Jefferson County’s top citizen, business person and young professional named
Laurie Liske, left, gives Shirley Moss a congratulatory hug after Moss, Port Townsend Food Bank director, was named as Citizen of the Year on Sunday. Looking on are fellow nominees Earll Murman, Rena Murman and Gary Kennedy, from left. -- Photo by Charlie Bermant/Peninsula Daily News
Charlie Bermant/Peninsula Daily News
Charley Kanieski, left, honored as the Tim Caldwell Business Leader of the Year on Sunday, joins fellow nominees Dana Petrick and Steve Rafoth.
Charlie Bermant/Peninsula Daily News
Young Professional of the Year Will O’Donnell, left, stands with fellow nominees Jordan Smith Eades and Frank DePalma.
By Charlie Bermant
Peninsula Daily News
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On Sunday, almost 120 people gathered at the Northwest Maritime Center to recognize the honorees for Citizen of the Year, Business Leader of the Year and, in a new category, Young Professional of the Year, sponsored by the Jefferson County Chamber of Commerce.
The top citizen was Shirley Moss, top business leader was Charley Kanieski and the inaugural young professional was Will O’Donnell.
“This is one of the most exciting events in Jefferson County every year,” said newly installed Jefferson County Chamber of Commerce Vice President Amanda Funaro.
“When I look around the room, I see at least one person at each table who I could put my arms around and thank them for their contributions to the community.”
The award finalists were chosen by a Chamber of Commerce committee after nominations closed Jan. 7.
Citizen of the Year Moss, Port Townsend Food Bank director, was nominated for the recognition along with Gary Kennedy, Northwest Maritime Center board member; Rena and Earll Murman, community volunteers and tutors, and Kelly and Laurie Liske of First Federal, co-chairs of Christmas for Children.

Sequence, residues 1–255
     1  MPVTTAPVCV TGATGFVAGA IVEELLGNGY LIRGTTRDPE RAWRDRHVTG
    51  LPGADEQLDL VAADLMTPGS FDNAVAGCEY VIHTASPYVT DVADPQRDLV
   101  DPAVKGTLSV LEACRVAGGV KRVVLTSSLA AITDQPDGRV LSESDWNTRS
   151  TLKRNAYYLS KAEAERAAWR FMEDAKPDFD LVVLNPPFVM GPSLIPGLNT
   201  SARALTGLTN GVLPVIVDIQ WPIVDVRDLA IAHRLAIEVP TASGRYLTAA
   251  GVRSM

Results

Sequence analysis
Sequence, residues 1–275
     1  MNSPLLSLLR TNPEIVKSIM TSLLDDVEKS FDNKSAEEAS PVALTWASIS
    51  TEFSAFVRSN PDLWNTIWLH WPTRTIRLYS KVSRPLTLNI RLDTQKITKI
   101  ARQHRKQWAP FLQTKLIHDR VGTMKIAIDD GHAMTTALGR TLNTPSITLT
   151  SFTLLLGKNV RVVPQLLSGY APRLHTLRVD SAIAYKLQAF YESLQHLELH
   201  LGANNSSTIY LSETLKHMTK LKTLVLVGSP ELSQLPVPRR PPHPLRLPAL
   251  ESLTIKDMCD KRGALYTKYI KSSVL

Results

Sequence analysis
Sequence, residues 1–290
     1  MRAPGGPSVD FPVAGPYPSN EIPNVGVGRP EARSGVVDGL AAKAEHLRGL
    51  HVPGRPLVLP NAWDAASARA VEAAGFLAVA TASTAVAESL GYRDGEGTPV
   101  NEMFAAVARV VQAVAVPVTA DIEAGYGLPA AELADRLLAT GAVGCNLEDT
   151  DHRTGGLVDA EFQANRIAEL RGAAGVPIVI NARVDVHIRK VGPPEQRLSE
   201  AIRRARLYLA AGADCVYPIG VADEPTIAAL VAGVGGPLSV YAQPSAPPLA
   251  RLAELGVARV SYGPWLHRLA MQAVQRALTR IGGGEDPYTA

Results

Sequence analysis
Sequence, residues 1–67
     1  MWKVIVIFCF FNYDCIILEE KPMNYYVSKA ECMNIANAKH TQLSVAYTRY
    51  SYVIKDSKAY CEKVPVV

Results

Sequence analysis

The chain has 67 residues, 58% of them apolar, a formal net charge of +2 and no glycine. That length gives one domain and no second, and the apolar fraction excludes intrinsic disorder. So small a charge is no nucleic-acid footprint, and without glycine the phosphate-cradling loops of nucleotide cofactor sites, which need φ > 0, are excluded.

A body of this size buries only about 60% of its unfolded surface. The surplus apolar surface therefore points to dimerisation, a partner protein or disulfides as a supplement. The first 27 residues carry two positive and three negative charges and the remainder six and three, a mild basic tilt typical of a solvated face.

Upon accepting, Moss read a letter from a food bank client “that says more about the food bank than anything that I could say.”
Moss read the letter to the crowd:
“When an OlyCAP [Olympic Community Action Programs] counselor told me that I would have to use the food bank, I had no idea it would be so helpful.
“Before I started using the food bank, there were some tight moments because I was living on $10 to $15 for the last part of each month.
“The fact that you are there when I have no money after paying bills has made all the difference, both practically and psychologically in terms of the stress.
“One thing that I’ve seen from living marginally is that the difference between making it and not making it is quite small, and there are many things I can now do than before when I was not using the food bank.
”Those who are struggling are not made to feel ashamed for needing the help,” the letter Moss read concluded.
As a personal note, Moss thanked her life partner, Greg Root, for standing with her.
“This is my sweetie of 42 years, and I can’t imagine how difficult it must be to live with the manager of the Port Townsend Food Bank,” Moss said.
During the applause, Root responded by saying “it’s not that hard” to those at his table.
Young Professional of the Year O’Donnell was recognized for his bringing the local farmers market from a home in a parking lot to one that is recognized as one of the largest and best in the region.
“I feel so blessed to live in Jefferson County and Port Townsend,” O’Donnell said.
“It’s such a beautiful place, where people are inspired, innovate and take risks and to dream big.
“We have so much community support, and it is all thanks to you.”
Aside from O’Donnell, nominees for the Young Professional award were Frank DePalma, Totera Web Designs president, a board member of Co-Lab and Quimper Mercantile, and a Team Jefferson Economic Development Council team member, and Jordan Eades, co-owner of Hope Roofing.
Charley Kanieski, Business Guides owner, was honored as the recipient of the Tim Caldwell Business Leader of the Year award.
Also nominated were Dana Petrick of Dana Pointe Interiors and Steve Rafoth, owner of Enclume Design Products.
Kanieski said he has strived to provide more than standard accounting services and sought to offer answers to questions small-business owners ask that are not easily answered.
His value-added business took off, and he has helped many such business people, including Port Townsend Mayor David King who thanked him publicly Sunday.
“It’s all because of you, this business community that allowed this to happen in Port Townsend,” Kanieski told the audience.
“I’m living the dream. It’s fabulous, so thank you all.”
Jefferson County Editor Charlie Bermant can be reached at 360-385-2335 or at firstname.lastname@example.org.
Last modified: January 27. 2013 6:21PM